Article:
The T3SS tip complex, which resides on the outer end of the needle, is critical for sensing contact with host cells and regulating secretion of effectors (64, 65). It is also necessary for insertion of the translocon into host cell membranes (65, 66). The T3SS translocon is essential for passage of effectors through host cell membranes, but not for secretion of effectors outside of the bacterium (67, 68). Translocons are assembled upon contact with host cells and form a pore that is essential for effector delivery (66). Recently, however, an alternative two-step model of translocation of Type 3 effectors has been proposed, where effectors and translocon components are secreted prior to host cell contact and remain associated with the bacteria, perhaps in lipid vesicles (69, 70). After contact with host cells, perhaps sensed through the needle, the translocon and tip proteins form a pore through which the effectors pass. Additional experiments are needed to determine the mechanism by which translocation occurs.

Translocation of T3SS effectors into host cells is essential for the virulence of many pathogens, including pathogenic species of Yersinia, Salmonella, and Shigella (55). Over the last 25 years, much work has focused on understanding the functions of T3SS effector proteins. Their functions vary widely among different pathogens and how they jointly orchestrate their effects on host cells is still being elucidated (71�). Many of these effectors remodel normal cellular functions to enable the pathogen to establish an infectious niche either within the host cell or in mammalian tissue sites. Impressively, the study of these effectors has provided fundamental insights into a number of different facets of eukaryotic cell biology.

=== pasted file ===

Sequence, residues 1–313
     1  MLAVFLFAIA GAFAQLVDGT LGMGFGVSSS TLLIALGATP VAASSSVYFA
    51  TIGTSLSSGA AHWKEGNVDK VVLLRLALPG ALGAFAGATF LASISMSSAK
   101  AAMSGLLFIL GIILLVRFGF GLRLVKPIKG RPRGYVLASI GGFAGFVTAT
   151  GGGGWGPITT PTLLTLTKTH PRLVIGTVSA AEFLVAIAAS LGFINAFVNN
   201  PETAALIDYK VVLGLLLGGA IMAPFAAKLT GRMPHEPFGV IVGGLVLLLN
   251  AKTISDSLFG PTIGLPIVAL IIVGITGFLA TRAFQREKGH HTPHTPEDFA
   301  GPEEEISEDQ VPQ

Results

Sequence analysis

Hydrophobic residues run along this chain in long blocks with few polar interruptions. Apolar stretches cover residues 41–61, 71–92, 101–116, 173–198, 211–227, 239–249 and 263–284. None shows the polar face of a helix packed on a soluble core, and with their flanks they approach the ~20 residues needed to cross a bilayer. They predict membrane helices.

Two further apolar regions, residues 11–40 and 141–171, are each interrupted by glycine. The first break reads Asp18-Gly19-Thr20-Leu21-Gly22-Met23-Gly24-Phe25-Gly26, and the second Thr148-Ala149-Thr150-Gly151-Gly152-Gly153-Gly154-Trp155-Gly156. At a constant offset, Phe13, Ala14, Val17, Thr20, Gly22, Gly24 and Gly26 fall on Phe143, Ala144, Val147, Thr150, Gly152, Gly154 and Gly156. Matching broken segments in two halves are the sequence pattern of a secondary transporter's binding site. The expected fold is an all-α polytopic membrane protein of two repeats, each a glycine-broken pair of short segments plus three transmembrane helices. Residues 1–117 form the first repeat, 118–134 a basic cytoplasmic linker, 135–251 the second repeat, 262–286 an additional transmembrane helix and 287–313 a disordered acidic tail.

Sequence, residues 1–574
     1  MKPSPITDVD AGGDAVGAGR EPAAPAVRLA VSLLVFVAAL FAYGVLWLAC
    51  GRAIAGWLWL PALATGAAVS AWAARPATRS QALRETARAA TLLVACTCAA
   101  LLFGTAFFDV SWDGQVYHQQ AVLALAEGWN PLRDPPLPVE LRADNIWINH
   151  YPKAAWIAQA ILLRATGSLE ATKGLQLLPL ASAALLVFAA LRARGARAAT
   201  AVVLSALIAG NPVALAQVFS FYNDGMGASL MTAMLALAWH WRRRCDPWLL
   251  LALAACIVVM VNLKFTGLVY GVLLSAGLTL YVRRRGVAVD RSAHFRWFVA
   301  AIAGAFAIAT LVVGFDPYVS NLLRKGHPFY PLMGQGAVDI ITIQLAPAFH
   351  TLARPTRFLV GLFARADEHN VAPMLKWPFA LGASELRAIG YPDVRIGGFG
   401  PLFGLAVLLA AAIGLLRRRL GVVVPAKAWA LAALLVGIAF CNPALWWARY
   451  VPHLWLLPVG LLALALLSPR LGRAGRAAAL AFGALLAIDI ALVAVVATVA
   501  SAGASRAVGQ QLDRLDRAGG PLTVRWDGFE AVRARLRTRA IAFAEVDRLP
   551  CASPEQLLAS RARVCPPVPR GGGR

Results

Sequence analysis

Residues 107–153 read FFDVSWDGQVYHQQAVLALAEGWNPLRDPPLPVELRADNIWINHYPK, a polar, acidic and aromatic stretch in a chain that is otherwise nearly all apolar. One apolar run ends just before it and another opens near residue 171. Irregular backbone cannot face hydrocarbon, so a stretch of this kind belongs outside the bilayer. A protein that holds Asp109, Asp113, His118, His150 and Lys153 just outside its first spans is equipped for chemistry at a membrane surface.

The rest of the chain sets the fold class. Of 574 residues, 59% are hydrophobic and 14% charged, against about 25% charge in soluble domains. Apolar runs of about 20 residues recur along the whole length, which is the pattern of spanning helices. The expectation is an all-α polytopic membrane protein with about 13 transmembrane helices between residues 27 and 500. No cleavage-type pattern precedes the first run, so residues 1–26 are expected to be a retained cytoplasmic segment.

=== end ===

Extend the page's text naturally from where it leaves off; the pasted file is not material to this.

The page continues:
The Type IV Secretion System

Type IV secretion systems (T4SSs) are ancestrally related to bacterial DNA conjugation systems and can secrete a variety of substrates, including single proteins and protein-protein and DNA-protein complexes (75). T4SSs secrete substrates into a wide range of target cells, including other bacteria (of the same or different species) and eukaryotic cells. These macromolecular complexes are largely found in Gram-negative bacteria, where they transport substrates across both the inner and outer membranes ( Fig. 3 ). Like T3SSs, T4SSs can span an additional, host cell membrane, allowing for direct transfer of substrates into the cytoplasm of the recipient cell. Because T4SSs are capable of transferring both DNA and proteins, they can serve a variety of functions, including conjugative transfer of DNA, DNA uptake and release, and translocation of effector proteins or DNA/protein complexes directly into recipient cells.

Despite the diversity in their substrates and functions, all T4SSs are evolutionarily related, sharing common components and operating in a similar manner (76). For that reason, the remainder of this section will focus on the VirB/D system of Agrobacterium tumeficans as a model of Type IV Secretion. A. tumeficans uses its T4SS to transport oncogenic T-DNA into plant cells, and has served as the paradigm for studying T4SS assembly and function (77). The VirB/D T4SS contains 12 proteins, named VirB1-VirB11 and VirD4 (78). Most of these proteins are membrane associated and multi-copy, interacting with themselves and each other. The VirB6-10 proteins are found in the periplasm, inner and outer membranes, and form the secretion channel as well as its accessory proteins. VirB4, VirB11, and VirD4 localize to the inner membrane and serve as the ATPases that power the system. VirD4 also functions as a coupling protein, binding proteins prior to secretion through the channel. Generally, T4SSs also include an extracellular pilus, composed of a major (VirB2) and minor (VirB5) subunit.